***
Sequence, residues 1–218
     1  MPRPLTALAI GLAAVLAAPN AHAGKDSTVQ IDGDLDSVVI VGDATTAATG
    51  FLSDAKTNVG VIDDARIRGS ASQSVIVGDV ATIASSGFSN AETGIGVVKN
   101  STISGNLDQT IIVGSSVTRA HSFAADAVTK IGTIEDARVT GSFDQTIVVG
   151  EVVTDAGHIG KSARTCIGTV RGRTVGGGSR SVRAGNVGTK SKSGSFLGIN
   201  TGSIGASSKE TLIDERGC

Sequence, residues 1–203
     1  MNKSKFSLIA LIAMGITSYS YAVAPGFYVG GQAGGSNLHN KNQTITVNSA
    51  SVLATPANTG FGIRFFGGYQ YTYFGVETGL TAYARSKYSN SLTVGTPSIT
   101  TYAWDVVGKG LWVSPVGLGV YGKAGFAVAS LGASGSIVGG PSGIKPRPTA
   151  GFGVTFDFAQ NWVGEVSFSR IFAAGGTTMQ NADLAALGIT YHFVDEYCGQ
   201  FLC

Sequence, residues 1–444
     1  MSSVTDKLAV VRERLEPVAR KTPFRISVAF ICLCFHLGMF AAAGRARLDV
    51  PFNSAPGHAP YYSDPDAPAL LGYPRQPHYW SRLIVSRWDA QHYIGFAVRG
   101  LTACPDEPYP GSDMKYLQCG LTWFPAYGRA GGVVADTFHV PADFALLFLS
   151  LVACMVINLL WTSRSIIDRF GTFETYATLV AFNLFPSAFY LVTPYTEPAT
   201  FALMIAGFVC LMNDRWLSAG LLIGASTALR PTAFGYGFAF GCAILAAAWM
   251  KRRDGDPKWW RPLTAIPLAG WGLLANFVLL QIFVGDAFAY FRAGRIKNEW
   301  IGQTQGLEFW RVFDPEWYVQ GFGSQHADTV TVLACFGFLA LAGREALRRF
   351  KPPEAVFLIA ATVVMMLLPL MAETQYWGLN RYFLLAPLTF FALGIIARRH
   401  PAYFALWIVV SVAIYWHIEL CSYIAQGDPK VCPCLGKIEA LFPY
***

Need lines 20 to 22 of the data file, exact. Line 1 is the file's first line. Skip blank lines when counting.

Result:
   301  IGQTQGLEFW RVFDPEWYVQ GFGSQHADTV TVLACFGFLA LAGREALRRF
   351  KPPEAVFLIA ATVVMMLLPL MAETQYWGLN RYFLLAPLTF FALGIIARRH
   401  PAYFALWIVV SVAIYWHIEL CSYIAQGDPK VCPCLGKIEA LFPY